Ode to the Green Baby and his Dad

‘This is the Way.’


On Friday night, I received a text from a friend after we had both seen the latest episode of Disney+’s The Mandalorian. It read: “I’m so happy to share this experience with you”. She and I had met online while fangirling over another science fiction show, yet here we were, a decade on, once more sharing our emotions over fictional characters that make us feel deeply.

That to me is the best TV. It lets people connect to each other, whether to family members you watch it with in the room or live via FaceTime (thanks Disney+ group watch!) or with friends who don’t even live in the same country as you but live text you while they watch.

Who could have predicted so many of us all around the world would connect over a bounty hunter covered from head to toe in metal armour and his tiny, green, adopted son.

Even though the first season aired in 2019, the little green creature that has become quite a phenomenon is just what we need in 2020. Saying this might be getting a little old, but it is true that it is a year in which our world got turned upside down and comfort has been hard to come by. Especially now with – for my neck of the woods – the arrival of winter, comfort is what we all crave. Yet so many of us are still having to go without, having to stay away from those we love. And yes, that means that a TV show with a wee green creature that makes us go “awwww!” every couple of minutes is exactly what we need right now.

However, it is not merely about the baby. The Mandalorian truly feels like the group effort that it is. Jon Favreau who created, writes and directs is a true creative genius, not just through the stories he tells, but also through the (technological) way he tells them. Dave Filoni brings his incredible knowledge and understanding of the universe George Lucas created and turns out to be an equally fantastic live action director as he is an animated one. Plus there are all the different and equally brilliant directors who bring their own vision to each separate episode. Not to mention the designers of creatures, costumes, sets, CGI, concept art and last but most certainly not least the music. Each cog in the machine is a triumph.

An honourable and important mention goes to the puppeteers who make this little green inanimate object come to life and live in all our hearts.

Yet it’s not just the green baby that makes the show as popular as it is. Sure, he brings the adorable. But at the show’s centre stands Pedro Pascal’s performance as the titular Mandalorian, vocally and physically an astonishing one.

So much of acting is done with the face. Yet he – aside from a thus far short moment in chapter 8 – merely has his voice and physique to act with and often no, or few, lines. All the more incredible that he manages to make Din Djarin a thoroughly rounded character fuelled by belief and duty while simultaneously filled with grief and loneliness before this little being comes along and brings out his softer side which oozes a warmth you wouldn’t expect from a character whose very first line is a thinly veiled death threat. But Pedro nails it all. His Din brings the protection, the safety, the care and the love. Things we all crave in these strange times. Things we all look for in this life.

The image of the ruthless bounty hunter emphasised by the impenetrable exterior is shattered whenever Mando gently picks up the child. I think each of us feels a tug on our heartstrings when Din sits with the little one in his lap in the latest chapter, stalling their goodbye, rubbing Grogu’s tiny green three-fingered hand. We all awww’ed over the encouraging but deeply caring pat on the little being’s back after shortly before having found out about his buddy’s traumatising past. All these little moments add to the deepening bond between the two, while at the same time strengthening the viewer’s connection to Din and Grogu.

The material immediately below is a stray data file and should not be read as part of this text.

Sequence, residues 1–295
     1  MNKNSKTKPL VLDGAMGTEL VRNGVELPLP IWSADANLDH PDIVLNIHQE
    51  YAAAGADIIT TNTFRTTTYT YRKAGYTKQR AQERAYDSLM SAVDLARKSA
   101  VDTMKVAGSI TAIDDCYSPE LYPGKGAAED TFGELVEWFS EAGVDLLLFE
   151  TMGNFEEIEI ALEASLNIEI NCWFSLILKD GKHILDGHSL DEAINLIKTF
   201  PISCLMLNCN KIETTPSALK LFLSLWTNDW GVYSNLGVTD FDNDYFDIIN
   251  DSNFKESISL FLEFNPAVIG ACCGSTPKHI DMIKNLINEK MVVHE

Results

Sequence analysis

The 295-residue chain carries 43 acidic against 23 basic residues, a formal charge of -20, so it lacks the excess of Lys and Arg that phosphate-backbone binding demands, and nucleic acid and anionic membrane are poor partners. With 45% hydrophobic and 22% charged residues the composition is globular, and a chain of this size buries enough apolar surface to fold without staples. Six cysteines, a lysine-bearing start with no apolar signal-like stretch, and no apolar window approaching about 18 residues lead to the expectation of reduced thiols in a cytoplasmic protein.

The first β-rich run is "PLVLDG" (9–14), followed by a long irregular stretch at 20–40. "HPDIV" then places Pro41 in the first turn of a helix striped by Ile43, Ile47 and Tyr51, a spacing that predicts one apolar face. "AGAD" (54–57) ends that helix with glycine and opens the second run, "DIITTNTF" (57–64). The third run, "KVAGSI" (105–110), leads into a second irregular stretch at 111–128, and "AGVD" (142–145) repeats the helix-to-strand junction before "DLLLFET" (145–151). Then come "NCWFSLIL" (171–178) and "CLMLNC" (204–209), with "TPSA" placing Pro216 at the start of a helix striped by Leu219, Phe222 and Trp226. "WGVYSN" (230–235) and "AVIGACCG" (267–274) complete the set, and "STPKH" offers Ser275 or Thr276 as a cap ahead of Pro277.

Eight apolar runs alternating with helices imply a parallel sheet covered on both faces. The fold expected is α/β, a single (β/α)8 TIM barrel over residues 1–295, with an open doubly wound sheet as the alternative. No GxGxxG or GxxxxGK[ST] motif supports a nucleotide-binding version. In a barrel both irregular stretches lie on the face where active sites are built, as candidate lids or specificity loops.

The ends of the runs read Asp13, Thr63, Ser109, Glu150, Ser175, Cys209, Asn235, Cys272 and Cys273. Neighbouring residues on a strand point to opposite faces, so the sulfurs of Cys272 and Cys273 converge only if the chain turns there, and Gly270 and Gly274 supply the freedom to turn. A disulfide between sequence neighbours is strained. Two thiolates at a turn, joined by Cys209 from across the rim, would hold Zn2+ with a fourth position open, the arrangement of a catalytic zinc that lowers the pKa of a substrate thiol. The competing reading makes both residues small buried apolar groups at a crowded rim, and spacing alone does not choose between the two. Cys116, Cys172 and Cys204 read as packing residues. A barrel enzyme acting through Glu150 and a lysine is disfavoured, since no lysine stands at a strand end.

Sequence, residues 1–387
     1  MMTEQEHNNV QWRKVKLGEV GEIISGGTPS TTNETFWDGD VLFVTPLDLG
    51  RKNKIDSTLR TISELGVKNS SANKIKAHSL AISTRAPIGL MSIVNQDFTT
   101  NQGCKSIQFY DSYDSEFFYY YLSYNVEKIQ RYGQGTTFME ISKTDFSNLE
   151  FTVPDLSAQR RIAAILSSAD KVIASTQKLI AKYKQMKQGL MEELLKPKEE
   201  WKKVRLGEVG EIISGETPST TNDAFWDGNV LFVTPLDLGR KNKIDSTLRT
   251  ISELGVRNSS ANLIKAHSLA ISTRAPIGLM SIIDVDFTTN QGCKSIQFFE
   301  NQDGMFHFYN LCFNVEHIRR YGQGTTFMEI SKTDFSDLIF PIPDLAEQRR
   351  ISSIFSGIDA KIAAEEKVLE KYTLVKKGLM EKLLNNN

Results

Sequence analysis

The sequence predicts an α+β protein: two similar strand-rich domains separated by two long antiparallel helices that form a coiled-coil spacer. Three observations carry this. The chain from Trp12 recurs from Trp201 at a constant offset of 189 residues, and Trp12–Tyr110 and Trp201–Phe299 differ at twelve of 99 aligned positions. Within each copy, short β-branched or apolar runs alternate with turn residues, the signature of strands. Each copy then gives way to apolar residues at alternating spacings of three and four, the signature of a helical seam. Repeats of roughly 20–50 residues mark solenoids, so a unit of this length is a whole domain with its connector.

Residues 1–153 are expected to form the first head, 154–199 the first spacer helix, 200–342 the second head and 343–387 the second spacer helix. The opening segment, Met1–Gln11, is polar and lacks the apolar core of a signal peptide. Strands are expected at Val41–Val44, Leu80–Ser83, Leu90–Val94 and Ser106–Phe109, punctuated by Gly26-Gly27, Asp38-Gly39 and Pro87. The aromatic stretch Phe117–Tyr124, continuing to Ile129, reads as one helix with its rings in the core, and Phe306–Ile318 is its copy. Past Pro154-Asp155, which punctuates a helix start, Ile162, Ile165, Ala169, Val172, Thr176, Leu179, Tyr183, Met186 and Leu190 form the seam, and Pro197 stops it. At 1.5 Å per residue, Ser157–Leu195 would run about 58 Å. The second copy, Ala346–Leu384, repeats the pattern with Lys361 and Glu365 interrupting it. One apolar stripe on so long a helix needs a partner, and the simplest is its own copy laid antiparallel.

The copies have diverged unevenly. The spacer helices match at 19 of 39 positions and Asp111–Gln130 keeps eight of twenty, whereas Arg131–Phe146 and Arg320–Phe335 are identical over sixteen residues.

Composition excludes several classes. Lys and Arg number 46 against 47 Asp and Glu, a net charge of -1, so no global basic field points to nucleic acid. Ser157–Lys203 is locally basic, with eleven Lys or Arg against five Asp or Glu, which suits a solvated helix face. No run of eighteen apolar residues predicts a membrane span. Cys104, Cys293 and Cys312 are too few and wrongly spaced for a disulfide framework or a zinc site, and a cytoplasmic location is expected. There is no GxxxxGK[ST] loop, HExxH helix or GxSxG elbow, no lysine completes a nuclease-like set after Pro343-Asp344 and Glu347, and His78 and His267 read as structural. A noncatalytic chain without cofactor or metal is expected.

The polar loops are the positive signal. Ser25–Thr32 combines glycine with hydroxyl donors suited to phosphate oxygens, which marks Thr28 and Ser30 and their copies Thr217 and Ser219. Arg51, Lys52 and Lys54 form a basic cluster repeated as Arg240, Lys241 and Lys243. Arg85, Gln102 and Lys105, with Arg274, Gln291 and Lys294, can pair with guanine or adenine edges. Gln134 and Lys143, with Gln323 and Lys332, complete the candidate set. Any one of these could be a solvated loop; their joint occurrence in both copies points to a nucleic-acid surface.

The Mandalorian takes place in a galaxy far far away, in a universe we are so familiar with, one with which each of us has our own personal experiences from childhood on. Yet at the same time it is new and exciting. A show current and full of emotional depth. It embodies a fictional world to get lost in that makes us forget our own daily sorrows for a while, yet manages at the same time to show how vital human connections are. Something we have all been confronted with even more so than usual this year.

Only three episodes remain with a long wait ahead until season 3. But boy am I thankful to be treated for another couple of weeks to this incredible story of a man and a child who found each other when they both needed it most.

Stay virtually connected to each other over the holidays, everyone. And after. January may well be another toughie and we’re going to need each other to get through the last of it. Together we got this!

x Sandra

Want to read more? Check out my other blogs or my recent piece on getting through the holidays this year.
Want to know more about me? Read a short bio here.
Want to get in touch? Find me on Twitter, insta or email me via this form or directly at sandralondonwriter@outlook.com.

2 thoughts on “Ode to the Green Baby and his Dad

  1. This is one of the most beautiful pieces you’ve written and you’ve truly written what Chapter 13 meant to all of us x


Leave a Reply

Fill in your details below or click an icon to log in:

WordPress.com Logo

You are commenting using your WordPress.com account. Log Out /  Change )

Google photo

You are commenting using your Google account. Log Out /  Change )

Twitter picture

You are commenting using your Twitter account. Log Out /  Change )

Facebook photo

You are commenting using your Facebook account. Log Out /  Change )

Connecting to %s